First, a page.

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Now you can get Gmail’s best features even if you don’t have a Gmail account

Updated Dec 19th, 2018 9:13PM EST
Gmail Gmailify Announced Yahoo Outlook

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Are you a longtime Outlook or Yahoo user who regularly feels envy over some of the cool features you can get in Gmail? Well worry not, because Google has announced a new option that lets you take advantage of Gmail’s best features without leaving behind your longtime email address.

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The new option is called Gmailify and, as its name suggests, it lets you make your current email service more like Gmail by giving you access to things such as spam protection, inbox organization and even Google Now cards based the contents of your mail. Of course, taking advantage of that last feature means you need to be comfortable with Google’s algorithms scanning the contents of your emails, but if that doesn’t bother you then you’ll definitely love how insanely useful Google Now is.

To “Gmailify” your other email accounts, first you have to link them to Gmail. Here are Google’s instructions for doing that:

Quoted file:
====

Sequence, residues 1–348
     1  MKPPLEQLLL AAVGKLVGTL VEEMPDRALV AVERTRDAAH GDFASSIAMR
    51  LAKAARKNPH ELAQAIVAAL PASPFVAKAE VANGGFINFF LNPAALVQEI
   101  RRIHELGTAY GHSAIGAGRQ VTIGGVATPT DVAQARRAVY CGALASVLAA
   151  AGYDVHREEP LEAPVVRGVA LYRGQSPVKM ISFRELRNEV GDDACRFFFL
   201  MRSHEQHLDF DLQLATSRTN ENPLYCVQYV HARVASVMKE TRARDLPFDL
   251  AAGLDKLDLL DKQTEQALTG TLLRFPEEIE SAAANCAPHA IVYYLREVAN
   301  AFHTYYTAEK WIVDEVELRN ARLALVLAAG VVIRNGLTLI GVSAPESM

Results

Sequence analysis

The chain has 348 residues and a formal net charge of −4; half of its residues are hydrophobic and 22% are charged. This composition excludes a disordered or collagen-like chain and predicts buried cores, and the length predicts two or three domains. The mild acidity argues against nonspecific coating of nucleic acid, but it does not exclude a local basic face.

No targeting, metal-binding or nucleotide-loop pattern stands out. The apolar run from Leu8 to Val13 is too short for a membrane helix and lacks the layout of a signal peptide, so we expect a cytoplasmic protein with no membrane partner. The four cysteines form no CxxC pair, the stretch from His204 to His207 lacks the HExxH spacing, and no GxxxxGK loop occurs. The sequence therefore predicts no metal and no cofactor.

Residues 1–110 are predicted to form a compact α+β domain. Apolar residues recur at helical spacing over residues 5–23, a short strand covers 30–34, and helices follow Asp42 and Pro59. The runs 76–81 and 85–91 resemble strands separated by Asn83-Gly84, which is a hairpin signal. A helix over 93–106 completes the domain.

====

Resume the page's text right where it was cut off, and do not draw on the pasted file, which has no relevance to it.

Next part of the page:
If you already have a supported non-Gmail account, like Yahoo! Mail, Microsoft Outlook, or Hotmail on the Android Gmail app (Android 4.4+), you can link to Gmail.

  1. On your Android phone or tablet, open the Gmail app.
  2. In the top-left, touch the Menu .
  3. Scroll down and tap Settings.
  4. Tap the non-Gmail account you’d like to link.
  5. Tap Link account.

After you link your email address to Gmail, you’ll see those emails under the linked Gmail address both in the Gmail Android app, and on the web at

After you do this, you’ll have to open up the Gmail app, sign into your non-Gmail email account and enable Gmailify for that account.

Check out Google’s video showing off Gmailify below.

Brad Reed
Brad Reed Staff Writer

Brad Reed has written about technology for over eight years at and Network World. Prior to that, he wrote freelance stories for political publications such as AlterNet and the American Prospect. He has a Master's Degree in Business and Economics Journalism from Boston University.